Open Burning

What is open burning?

You are open burning any time you light an outdoor fire without a chimney or a stack.

Why is open burning a problem?

Depending on what you burn, you could be releasing pollutants that can harm human health, corrode metals and damage paint, release annoying allergens, and be a nuisance to your neighbors. If an open fire goes out of control, it can damage property and threaten public safety.

What can I burn?

If you live in an area that does not have a local burning ordinance and you do not have curbside pickup, you can burn leaves and some household trash. Regulation 9VAC5-130-40 has a complete list of what and when households and certain businesses may burn.

What am I not allowed to burn?

  • No one in Virginia may burn tires or other hazardous materials at any time. Regulation 9VAC-130-30 has a complete list of opening burning prohibitions.
  • If you live in an area that restricts open burning, you must observe your local ordinance.
  • If you live in an area with a smog problem, there are specific prohibitions on certain activities during the prime smog months of May through September.

Whom do I contact with questions or problems?

What are the state rules for open burning in Virginia?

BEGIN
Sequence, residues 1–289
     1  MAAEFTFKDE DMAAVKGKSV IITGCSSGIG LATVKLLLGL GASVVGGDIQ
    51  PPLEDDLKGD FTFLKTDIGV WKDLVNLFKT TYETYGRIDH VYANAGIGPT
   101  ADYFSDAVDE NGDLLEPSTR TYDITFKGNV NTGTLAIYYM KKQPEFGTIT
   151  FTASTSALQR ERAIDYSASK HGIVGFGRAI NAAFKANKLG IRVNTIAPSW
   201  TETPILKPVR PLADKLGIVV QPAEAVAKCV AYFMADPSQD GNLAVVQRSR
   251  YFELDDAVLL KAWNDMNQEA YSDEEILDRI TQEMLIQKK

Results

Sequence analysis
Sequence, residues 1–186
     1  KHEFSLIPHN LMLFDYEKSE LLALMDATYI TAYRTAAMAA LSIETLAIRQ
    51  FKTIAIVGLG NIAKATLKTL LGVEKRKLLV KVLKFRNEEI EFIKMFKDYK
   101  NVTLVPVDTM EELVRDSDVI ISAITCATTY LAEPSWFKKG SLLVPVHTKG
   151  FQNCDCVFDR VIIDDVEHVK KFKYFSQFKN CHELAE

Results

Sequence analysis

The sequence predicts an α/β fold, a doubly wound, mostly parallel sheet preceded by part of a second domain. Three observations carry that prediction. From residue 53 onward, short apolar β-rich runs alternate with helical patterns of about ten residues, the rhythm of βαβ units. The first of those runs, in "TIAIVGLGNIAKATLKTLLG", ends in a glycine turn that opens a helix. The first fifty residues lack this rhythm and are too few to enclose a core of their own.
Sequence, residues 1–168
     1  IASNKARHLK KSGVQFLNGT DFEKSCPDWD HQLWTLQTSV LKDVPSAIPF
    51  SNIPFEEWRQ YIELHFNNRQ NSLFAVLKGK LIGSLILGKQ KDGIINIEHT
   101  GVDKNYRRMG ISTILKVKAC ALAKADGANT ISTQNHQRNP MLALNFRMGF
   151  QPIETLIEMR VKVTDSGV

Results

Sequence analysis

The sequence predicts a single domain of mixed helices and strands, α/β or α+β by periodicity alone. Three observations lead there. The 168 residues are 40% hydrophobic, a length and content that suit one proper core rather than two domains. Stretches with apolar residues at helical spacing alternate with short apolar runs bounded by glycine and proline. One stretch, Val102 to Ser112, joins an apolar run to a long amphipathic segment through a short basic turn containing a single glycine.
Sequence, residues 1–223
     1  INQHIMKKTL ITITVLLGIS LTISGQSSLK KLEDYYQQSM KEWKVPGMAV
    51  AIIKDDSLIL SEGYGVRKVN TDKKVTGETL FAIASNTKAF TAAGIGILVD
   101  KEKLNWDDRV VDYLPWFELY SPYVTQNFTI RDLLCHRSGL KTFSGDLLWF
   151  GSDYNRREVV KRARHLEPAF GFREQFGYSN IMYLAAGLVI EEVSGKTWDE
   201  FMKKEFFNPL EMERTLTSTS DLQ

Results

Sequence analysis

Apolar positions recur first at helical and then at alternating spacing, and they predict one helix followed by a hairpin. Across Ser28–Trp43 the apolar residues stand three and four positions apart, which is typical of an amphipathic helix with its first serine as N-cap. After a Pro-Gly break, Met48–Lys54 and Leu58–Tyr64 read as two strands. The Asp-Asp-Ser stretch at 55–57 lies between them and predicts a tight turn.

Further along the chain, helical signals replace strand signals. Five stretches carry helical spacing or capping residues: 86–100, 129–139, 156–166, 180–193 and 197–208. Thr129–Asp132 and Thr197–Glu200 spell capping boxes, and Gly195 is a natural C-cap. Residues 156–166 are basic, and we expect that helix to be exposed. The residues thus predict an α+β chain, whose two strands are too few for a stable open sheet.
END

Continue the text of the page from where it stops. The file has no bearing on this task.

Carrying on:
The State Air Pollution Control Board's Regulation for Open Burning specifies what materials may or may not be burned, and has seasonal restrictions on open burning for certain localities. The Virginia Department of Forestry also has specific open burning restrictions.

What is better than burning?

 

Wood Heater Information

If you manufacture, own, or operate a wood heater in Virginia, you are subject to EPA’s New Source Performance Standard (NSPS) Subpart AAA, Standards of Performance for New Residential Wood Heaters.  However, on March 23, 2015 the Virginia General Assembly amended and reenacted a statute that prohibits the State Air Pollution Control Board from adopting regulations that limit emissions from certain smaller wood heaters and from enforcing any federal regulations limiting emission from wood heaters that was adopted after May 1, 2014.  Therefore, if you have any questions regarding wood heater regulation in Virginia, please contact Amanda McCullough, EPA Region 3, Air Protection Division, 215-814-2093, Mccullough.amanda@epa.gov

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Virginia Department of
Environmental Quality
P.O. Box 1105
Richmond, VA 23218
(804) 698-4000


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